A piece I wrote for an interpretation panel to be displayed next to the images which are now on display at The Taliesin Arts Centre, Swansea.
The destruction of Swansea in the Second World War left the town centre with the largest bombsite in Wales. Its reconstruction gave opportunity for young architects to refine a style of modern architecture. Due to the restriction of materials the post-war programme of building a new town centre was based on priorities and budget.
A development plan for Swansea was born.
Town planning advanced in the war and Oxford Street and The Kingsway are two large areas of Swansea’s town centre that were redesigned during the 1950s post-war reconstruction process.
This exhibition of photographs from the 1950s and 1960s are exclusively from Swansea Museum’s collection and have never before been on public display. Swansea artist Catrin James has curated these images and they will play a part in a larger collaborative exhibition of Post War Swansea between Catrin, Swansea Museum and The Taliesin Arts Theatre in the near future.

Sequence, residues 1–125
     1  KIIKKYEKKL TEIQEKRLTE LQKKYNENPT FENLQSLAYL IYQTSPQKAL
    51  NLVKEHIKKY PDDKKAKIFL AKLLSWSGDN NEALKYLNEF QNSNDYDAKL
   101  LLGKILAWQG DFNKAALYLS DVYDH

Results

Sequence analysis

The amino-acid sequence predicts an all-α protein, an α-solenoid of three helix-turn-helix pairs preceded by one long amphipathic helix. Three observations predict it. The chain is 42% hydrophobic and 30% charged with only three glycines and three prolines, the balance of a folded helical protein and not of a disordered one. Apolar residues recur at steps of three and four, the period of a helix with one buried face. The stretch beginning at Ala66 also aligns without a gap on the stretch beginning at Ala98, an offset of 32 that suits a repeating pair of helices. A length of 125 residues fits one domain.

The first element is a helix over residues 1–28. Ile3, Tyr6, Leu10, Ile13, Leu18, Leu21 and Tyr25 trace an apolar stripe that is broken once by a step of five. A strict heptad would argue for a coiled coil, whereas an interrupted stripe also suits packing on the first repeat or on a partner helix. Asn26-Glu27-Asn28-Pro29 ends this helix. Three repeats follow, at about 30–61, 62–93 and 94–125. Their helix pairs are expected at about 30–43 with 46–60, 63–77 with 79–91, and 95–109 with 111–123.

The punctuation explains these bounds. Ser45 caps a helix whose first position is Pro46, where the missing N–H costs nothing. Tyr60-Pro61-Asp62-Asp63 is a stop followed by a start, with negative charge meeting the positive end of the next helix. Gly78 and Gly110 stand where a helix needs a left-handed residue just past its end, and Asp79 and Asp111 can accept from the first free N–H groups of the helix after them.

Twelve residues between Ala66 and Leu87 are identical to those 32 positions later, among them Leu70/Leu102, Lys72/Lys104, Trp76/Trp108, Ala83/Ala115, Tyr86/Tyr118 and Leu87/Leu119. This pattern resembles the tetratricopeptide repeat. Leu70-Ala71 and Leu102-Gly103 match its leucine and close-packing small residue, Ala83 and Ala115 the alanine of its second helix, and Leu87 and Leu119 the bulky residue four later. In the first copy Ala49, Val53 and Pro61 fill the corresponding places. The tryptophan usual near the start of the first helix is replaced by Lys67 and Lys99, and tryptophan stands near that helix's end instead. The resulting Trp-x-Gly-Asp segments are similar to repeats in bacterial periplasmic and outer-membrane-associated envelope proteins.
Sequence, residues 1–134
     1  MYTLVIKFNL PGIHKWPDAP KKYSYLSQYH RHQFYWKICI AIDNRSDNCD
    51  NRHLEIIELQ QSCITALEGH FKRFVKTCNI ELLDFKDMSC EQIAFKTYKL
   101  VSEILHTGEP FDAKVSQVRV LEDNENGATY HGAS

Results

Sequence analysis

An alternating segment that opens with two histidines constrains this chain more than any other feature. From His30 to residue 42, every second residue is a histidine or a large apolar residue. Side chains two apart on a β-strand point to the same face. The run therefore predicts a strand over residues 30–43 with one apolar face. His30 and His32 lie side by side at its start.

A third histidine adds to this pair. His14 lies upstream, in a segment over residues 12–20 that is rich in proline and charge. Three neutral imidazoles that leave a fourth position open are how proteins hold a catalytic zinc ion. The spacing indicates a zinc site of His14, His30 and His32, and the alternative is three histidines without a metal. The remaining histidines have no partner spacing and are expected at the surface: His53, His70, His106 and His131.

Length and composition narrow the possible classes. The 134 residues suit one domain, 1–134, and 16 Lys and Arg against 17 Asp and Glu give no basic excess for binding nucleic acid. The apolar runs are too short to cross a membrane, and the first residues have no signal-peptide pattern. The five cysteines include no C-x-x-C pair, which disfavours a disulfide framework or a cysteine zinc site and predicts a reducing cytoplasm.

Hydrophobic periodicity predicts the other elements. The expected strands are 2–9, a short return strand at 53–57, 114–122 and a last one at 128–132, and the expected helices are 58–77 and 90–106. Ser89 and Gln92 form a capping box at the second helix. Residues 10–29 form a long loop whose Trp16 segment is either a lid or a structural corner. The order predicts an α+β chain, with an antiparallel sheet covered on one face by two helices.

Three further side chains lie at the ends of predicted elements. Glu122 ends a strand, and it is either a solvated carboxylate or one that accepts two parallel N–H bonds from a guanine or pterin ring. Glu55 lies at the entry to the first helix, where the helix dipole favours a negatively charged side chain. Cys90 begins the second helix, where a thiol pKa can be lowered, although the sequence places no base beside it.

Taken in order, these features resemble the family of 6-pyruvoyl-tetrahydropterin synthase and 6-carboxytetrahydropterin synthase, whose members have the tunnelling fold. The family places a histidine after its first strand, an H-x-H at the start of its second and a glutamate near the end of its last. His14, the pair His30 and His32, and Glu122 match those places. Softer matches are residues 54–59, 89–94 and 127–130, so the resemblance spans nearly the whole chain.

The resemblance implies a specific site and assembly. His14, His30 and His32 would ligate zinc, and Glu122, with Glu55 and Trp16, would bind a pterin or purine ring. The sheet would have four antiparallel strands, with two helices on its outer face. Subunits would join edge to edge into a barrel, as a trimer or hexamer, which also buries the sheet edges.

Swansea city centre is changing again. This exhibition is about reflecting on the square mile of land in Swansea’s city centre where groups of modernist buildings have now stood for over half a century.
It is about considering the materials used, the use of space. It is also about the beautiful design features such as shopfront lettering and coloured tiles as much as the rethinking of new principles in town planning. It is about celebrating Swansea’s post war legacy.
With many thanks to Swansea Museum and The Taliesin Arts Centre.